Thursday, May 24, 2012

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FIND A CAUSE- LES BROWN Courage to Live Your Dreams Vol. #4 ... › BooksSelf-HelpDreams
#4 [Abridged, Audiobook] [Audio Cassette] ... In his bestselling book and audio Live Your Dreams, Les Brown tells you that you can change your life and ... You want to make a difference in this world--and the way you do that is to find a cause.

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Its Not Over Until You Win: How to Become the Person You Always Wanted to Be No Matter What the Obstacle [Paperback

Reasons for Giving
People make philanthropic gifts for many different reasons. They are moved to give by the urgency of the community’s needs. In addition, they will give because they respect the organization’s commitment to carry out programs that are responsive to the needs that are central to its concern. However, an important axiom in fund raising says, “People will not give simply because the organization needs money.” Contributors will not give simply to help an entity balance its operating budget. Veteran fund raising professionals often use another axiom to emphasize one of the “carved in stone” principles of fund raising: “People do not give to people. They give to people with causes.” To this piece of wisdom can be added another: “They give to people who ask on behalf of causes.”
Individuals tend to give from three sources: discretionary or disposable income, their assets, and estates. The annual fund generally seeks funding from individuals’ discretionary income. This statement does not seek to belittle the practice of sacrificial giving. People with strong religious belief or those who share a tradition of philanthropy, will tend to give sacrificially. For the most part, however, the bulk of contributors will not make any gift that will compel them to give up something important in their lives or cause them to change their standard of living. Nevertheless, they continue to give generously to causes.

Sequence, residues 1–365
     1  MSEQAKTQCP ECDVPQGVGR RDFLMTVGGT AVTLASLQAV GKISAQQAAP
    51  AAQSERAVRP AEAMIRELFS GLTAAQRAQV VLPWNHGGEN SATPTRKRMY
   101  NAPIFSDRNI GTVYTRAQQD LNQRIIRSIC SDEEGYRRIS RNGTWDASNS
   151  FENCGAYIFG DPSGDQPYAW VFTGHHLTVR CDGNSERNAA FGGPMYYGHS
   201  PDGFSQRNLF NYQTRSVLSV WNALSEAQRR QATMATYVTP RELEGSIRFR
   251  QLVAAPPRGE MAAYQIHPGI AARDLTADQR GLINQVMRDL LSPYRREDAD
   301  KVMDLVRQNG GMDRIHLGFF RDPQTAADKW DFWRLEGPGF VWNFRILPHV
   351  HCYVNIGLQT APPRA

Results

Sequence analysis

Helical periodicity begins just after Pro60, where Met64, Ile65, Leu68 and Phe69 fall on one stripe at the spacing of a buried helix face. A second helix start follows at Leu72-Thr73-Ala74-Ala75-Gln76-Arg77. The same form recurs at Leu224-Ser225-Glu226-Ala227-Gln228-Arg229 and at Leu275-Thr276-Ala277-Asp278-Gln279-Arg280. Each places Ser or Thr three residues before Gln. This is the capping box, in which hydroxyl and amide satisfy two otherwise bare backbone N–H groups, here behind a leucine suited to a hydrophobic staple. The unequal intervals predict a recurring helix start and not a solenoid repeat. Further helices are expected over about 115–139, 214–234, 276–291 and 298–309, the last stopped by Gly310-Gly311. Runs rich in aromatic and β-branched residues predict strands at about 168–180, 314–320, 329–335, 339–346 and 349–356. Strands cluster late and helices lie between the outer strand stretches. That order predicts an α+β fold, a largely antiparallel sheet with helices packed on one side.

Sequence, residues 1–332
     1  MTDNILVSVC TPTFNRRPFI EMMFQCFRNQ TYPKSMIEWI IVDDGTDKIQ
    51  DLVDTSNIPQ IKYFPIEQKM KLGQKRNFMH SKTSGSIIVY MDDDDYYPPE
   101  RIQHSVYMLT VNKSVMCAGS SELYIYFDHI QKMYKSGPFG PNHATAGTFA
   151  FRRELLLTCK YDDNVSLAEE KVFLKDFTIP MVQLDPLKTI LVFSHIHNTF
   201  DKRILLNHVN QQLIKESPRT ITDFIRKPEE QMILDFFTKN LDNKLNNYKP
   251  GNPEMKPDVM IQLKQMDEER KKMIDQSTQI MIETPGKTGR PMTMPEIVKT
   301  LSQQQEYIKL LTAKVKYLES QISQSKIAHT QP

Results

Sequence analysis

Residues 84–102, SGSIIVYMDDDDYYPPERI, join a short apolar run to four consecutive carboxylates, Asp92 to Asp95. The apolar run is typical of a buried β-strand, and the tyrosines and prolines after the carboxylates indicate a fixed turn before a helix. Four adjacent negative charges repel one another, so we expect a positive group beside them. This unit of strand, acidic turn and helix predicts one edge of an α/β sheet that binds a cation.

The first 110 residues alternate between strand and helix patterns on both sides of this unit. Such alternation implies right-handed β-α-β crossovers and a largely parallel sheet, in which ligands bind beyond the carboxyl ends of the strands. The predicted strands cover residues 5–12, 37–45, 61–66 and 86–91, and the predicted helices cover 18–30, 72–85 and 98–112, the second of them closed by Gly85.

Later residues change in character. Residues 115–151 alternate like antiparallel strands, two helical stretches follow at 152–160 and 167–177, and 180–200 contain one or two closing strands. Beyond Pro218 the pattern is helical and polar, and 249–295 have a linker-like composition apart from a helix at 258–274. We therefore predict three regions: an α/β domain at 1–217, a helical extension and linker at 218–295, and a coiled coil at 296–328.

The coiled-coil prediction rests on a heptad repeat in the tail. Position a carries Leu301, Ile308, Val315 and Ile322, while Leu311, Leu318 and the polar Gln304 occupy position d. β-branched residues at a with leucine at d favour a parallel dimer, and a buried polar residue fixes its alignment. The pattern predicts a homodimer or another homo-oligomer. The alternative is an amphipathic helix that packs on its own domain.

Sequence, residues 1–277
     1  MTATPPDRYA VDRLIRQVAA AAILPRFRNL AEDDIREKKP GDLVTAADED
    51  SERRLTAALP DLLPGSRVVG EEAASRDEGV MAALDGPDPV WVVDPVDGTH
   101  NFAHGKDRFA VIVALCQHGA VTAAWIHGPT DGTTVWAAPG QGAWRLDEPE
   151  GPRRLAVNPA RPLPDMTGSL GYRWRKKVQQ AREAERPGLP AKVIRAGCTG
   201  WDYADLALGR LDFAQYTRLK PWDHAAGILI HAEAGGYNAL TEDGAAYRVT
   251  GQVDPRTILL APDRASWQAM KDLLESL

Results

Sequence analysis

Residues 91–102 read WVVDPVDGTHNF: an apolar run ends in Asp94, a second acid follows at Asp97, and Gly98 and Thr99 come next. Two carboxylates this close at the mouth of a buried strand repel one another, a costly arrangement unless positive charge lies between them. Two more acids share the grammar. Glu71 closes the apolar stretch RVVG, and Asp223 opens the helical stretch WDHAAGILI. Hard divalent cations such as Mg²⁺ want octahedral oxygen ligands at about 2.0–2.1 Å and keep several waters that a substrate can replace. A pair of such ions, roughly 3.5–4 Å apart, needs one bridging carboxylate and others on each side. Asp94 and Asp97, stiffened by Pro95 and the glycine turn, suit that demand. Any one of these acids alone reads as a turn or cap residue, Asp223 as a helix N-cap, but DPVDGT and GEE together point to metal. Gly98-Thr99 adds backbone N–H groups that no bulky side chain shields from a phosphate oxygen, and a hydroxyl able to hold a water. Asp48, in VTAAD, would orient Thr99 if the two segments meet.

Contributors will give for current program support, to meet a special need, for capital purposes, or to help build the organization’s endowment holdings. This sympathetic broad-based giving pattern is not haphazard. The interests of the contributor must be nurtured. Involvement is invited through the annual solicitation of gifts to the annual fund. The very process of solicitation can encourage the contributor to become more knowledgeable about the organization, more understanding, and therefore more supportive.
For this important reason, the annual fund is much more than an unrelated series of special events, direct mail, phonathons, e-mails, on-line giving, broadcast faxes, and other activities. It is a thoughtfully devised and executed plan that creates a strong force of advocates who will dedicate themselves to the organization’s advancement through their philanthropy and volunteer services.

The primary objectives of an annual fund should be the following:
  • To solicit and secure a new gift, repeat the gift, and upgrade the gift
  • To build and develop a base of donors
  • To establish habits and patterns of giving by regular solicitation
  • To seek to expand the donor base by soliciting gifts from new prospects
  • To raise annual unrestricted and restricted money
  • To inform, involve, and bond the constituency to the organization
  • To use the donor base as a vital source of information to identify potential large donors
  • To promote giving habits that encourage the contributor to make capital and planned gifts
  • To remain fully accountable to the constituency through annual reports
Table 8.1 summarizes these points. The development process embodies the total development program. The annual fund serves as the basis for the process and involves gifts through the major gift level.